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Sheppard Jury Selection Underway

February 7, 2000

CLEVELAND (AP) _ Jury selection started today for the civil trial aimed at deciding whether Dr. Sam Sheppard killed his wife in the sensationalized case that helped inspire the movie and TV series ``The Fugitive.″

The first group of 50 jurors entered Cuyahoga County Judge Ronald Suster’s courtroom late in the morning.

Each prospective juror faced a form requiring answers to about 80 questions. Eight people will ultimately be seated on the panel, along with four alternate jurors.

All of this week has been set aside for jury selection and the trial could take an additional two months to complete.

The lawsuit was filed by the doctor’s son, Sam Reese Sheppard, in an effort to clear his father’s name through a declaration of innocence. That could allow the son to collect damages from the state.

In a highly publicized trial, the elder Sheppard was convicted in 1954 of murdering his wife, Marilyn. That verdict was thrown out by the U.S. Supreme Court in a landmark ruling on the unfair effect of pretrial publicity, and Sheppard was acquitted at a retrial in 1966. He died in 1970.

Arguments on motions took up all of last week.

On Friday, Suster ruled against one major plaintiffs’ motion, deciding that testimony from the 1954 trial was not tainted and may be read into the record for this trial.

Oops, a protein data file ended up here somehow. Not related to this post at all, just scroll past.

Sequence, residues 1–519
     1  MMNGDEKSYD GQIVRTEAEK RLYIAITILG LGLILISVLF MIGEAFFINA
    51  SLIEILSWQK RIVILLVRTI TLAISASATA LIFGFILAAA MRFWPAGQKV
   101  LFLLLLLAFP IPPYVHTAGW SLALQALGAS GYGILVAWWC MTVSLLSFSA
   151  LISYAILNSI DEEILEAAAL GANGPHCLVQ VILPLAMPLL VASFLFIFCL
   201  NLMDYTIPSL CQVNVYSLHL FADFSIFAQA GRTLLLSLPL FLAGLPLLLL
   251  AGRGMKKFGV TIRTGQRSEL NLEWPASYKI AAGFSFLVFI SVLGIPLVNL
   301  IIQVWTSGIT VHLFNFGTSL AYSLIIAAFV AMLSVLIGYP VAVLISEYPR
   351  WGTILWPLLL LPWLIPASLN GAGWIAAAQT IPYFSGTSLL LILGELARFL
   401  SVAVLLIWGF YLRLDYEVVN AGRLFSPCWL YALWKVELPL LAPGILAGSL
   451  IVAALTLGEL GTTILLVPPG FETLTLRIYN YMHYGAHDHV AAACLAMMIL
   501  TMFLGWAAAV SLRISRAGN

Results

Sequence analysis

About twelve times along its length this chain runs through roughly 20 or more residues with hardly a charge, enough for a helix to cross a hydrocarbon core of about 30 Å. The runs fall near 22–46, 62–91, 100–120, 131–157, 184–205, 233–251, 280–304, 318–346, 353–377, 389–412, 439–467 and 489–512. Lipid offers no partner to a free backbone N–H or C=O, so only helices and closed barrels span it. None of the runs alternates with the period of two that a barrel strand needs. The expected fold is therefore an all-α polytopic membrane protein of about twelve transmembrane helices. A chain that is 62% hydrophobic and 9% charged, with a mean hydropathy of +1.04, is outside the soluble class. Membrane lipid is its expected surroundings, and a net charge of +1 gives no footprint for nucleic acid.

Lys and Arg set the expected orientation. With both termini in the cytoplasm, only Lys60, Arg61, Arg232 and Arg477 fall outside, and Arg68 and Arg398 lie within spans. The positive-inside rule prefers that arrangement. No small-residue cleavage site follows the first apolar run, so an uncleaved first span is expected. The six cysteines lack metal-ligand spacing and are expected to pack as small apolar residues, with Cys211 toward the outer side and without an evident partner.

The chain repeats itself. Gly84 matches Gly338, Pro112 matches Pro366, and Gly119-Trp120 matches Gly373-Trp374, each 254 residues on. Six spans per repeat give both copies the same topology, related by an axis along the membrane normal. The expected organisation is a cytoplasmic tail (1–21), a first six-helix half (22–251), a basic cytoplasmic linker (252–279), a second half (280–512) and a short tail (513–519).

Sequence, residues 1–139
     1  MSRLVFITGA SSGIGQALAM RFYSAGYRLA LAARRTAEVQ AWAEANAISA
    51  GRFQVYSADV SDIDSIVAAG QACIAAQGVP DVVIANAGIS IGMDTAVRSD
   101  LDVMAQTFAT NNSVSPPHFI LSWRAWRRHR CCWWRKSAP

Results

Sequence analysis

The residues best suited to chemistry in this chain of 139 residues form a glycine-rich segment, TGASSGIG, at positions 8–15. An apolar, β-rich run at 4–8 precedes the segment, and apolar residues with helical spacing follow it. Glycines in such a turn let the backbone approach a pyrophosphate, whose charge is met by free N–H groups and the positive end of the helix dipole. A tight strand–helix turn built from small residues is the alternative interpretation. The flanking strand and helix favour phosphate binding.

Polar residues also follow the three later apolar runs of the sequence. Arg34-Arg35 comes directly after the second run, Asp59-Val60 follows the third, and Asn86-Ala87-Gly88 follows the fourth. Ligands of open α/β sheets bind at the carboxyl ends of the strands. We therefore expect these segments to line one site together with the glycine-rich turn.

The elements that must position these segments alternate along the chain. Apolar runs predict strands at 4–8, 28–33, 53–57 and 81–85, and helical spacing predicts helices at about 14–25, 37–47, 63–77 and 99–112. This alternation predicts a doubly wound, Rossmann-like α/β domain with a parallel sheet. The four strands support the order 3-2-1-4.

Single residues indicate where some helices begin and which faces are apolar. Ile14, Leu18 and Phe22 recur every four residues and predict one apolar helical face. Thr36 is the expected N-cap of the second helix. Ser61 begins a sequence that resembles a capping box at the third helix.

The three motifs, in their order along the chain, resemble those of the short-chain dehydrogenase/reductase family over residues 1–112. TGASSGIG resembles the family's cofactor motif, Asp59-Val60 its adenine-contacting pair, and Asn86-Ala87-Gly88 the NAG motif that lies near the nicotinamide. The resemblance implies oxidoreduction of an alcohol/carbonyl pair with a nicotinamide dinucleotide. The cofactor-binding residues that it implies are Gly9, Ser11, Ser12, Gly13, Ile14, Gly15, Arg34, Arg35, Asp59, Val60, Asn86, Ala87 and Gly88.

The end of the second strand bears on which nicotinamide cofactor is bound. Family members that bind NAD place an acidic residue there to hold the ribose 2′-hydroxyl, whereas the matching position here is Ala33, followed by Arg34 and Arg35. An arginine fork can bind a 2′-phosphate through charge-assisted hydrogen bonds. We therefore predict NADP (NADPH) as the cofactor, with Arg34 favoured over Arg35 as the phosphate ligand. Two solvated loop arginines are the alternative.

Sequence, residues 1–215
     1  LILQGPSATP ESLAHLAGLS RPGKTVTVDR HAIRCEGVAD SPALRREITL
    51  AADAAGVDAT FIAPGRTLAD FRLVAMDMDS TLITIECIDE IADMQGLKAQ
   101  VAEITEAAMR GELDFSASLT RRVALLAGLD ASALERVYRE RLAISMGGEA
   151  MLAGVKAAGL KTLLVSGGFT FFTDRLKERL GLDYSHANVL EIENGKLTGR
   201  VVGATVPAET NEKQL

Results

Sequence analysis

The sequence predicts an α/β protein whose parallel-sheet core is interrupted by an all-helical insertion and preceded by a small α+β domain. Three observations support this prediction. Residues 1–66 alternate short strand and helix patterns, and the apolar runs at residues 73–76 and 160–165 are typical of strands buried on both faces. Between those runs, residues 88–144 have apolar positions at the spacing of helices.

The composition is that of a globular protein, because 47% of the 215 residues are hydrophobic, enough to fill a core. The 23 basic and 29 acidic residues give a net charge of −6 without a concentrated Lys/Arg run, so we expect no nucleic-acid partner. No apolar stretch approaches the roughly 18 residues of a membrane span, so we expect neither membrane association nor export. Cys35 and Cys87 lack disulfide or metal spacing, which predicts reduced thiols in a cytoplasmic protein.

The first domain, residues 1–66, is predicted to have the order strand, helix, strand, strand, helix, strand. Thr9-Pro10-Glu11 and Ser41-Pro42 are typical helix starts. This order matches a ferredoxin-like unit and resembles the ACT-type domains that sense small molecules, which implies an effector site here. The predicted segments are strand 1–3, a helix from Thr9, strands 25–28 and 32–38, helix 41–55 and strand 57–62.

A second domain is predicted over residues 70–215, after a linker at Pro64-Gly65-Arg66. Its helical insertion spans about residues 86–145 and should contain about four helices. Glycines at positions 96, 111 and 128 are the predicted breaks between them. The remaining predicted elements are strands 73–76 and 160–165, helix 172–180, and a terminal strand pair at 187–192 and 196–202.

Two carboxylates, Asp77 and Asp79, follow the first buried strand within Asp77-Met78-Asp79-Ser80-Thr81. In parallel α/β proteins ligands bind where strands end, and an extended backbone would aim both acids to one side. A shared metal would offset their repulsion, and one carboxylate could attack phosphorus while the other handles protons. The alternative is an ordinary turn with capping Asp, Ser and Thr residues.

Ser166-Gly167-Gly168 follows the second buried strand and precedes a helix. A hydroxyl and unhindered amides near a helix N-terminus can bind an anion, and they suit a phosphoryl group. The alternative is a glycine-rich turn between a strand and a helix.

Prosecutors defending the state said they have no choice but to read transcripts to the jury because the case is 46 years old and many original witnesses have died. Sheppard’s lawyers argued that the testimony was tainted because it had been publicized before witnesses appeared in court.

Attorneys for the Sheppard estate also failed in an attempt to bar testimony by Dr. Elizabeth Balraj, the Cuyahoga County coroner, arguing that she rubber-stamped the findings of other experts instead of preparing her own report.

The judge said Balraj would be given a chance to file a supplemental report. Her office has worked with outside experts to gather and evaluate evidence, especially since October, when Mrs. Sheppard’s body was exhumed.

The elder Sheppard always insisted that a ``bushy-haired intruder″ killed his wife in her upstairs bedroom while he slept downstairs. He said he heard his wife’s cries and ran to help her but was knocked unconscious by the killer, who fled from the family’s home on Lake Erie.

The Sheppard legal team has said the mostly likely killer of Mrs. Sheppard was Richard Eberling, the family’s window washer at the time. He died in prison in 1998 after being convicted of killing a woman for whom he worked as a caretaker.

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